Apples are the fruit of the apple tree, which is a species in the rose family which blooms perennially. It is one of the most widely grown fruit trees which originated in Western Asia. Its wild ancestor is still found here, however there are 7,500 known cultivars of apples today.
The apple tree is small and deciduous, with a height of between 3 to 12 metres tall. It has a broad and dense crown. Its leaves are between 5-12 cm long and 3-6 wide. It blossoms in the spring and has white floors with a pink tint that gradually fades away. The apple (fruit) matures in autumn, and is usually 5 to 9 cm in diameter. The centre of the apple has 5 carpels that are arranged in a 5 point star. Each carpel contains between 1 to 3 seeds.
The original, wild ancestor of the apple tree is the Malus sieversii. This grows in the mountains of Central Asia, in Kyrgyzstan, Kazakhstan, Tajikistan, and Xinjian in China. However, the centre of diversity of the Malus (genus) is in eastern Turkey. This is where the apple tree was first cultivaed, and its fruits have improved over thousands of years. Alexander the Great found dwarfed apples in Asia Minor in 300 BC and brought it back to Macedonia. Winter apples which are picked in the late autumn are stored just above freezing level. These have been an important food source in both Asia, Europe, Argentina, and the USA.
Apples play an integral part to all sorts of ancient myths and legends. It was featured in Norse mythology and Greek mythology. In Greek mythology, the apple has always been a forbidden fruit. In addition, there is a popular belief that Eve coaxed Adam with an apple in the Book of Genesis. However this may be because Renaissance painters added Greek mythology into this biblical scene.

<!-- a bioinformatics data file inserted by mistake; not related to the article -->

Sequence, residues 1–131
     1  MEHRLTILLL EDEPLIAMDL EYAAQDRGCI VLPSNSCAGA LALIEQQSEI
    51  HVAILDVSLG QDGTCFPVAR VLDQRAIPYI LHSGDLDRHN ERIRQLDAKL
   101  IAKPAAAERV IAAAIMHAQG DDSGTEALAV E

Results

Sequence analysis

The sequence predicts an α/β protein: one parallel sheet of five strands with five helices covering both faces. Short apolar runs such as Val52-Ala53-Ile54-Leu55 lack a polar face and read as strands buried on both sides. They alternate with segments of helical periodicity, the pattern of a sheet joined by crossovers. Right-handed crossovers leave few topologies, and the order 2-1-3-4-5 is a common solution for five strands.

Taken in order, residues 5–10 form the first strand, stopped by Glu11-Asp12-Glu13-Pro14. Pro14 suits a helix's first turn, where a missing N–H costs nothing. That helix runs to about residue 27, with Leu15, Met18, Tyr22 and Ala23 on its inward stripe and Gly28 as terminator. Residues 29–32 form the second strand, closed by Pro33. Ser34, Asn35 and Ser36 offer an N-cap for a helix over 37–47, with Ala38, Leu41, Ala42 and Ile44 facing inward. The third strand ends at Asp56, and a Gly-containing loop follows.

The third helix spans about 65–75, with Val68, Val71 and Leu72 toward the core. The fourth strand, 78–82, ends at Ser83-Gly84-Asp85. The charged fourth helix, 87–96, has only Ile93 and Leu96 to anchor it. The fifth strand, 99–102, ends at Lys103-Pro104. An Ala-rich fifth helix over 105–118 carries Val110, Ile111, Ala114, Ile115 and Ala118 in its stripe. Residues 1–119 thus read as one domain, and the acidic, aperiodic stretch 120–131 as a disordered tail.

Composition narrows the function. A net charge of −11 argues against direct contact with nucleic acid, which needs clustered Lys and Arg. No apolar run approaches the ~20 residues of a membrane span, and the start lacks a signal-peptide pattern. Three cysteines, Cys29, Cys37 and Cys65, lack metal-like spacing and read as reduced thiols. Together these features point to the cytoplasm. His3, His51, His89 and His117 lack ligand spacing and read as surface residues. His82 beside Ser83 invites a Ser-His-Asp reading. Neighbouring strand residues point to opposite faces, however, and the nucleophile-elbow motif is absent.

As mentioned above, there are more than 7,500 known apple cultivars. These cultivars are available for both sub-tropical and temperate climates. The largest collection of apple cultivars can be found in the National Fruit Collection in England, where they have collected over 2,100 apple cultivars.
Most apple cultivars are bred to eat fresh, although some are created specifically for cooking or to make apple cider. Commercially popular apples are crisp yet soft. However, other desired qualities include absence of russeting, ease of shipping, lengthy storage ability, high yields, apple shape, resistance to disease, and flavour. Modern day apples are sweeter than older cultivars, although tart apples do have a strong following. Extremely sweet apples that do not have an acidic flavour are popular in India and other parts of Asia.
Apples are stored commercially for several months in a controlled-atmosphere chamber. This is done to delay ethylene-induced ripening. These chambers have higher concentrations of carbon dioxide, but high air filtration in order to prevent ethylene to rise to a high amount as well as to prevent the apple from ripening too quickly.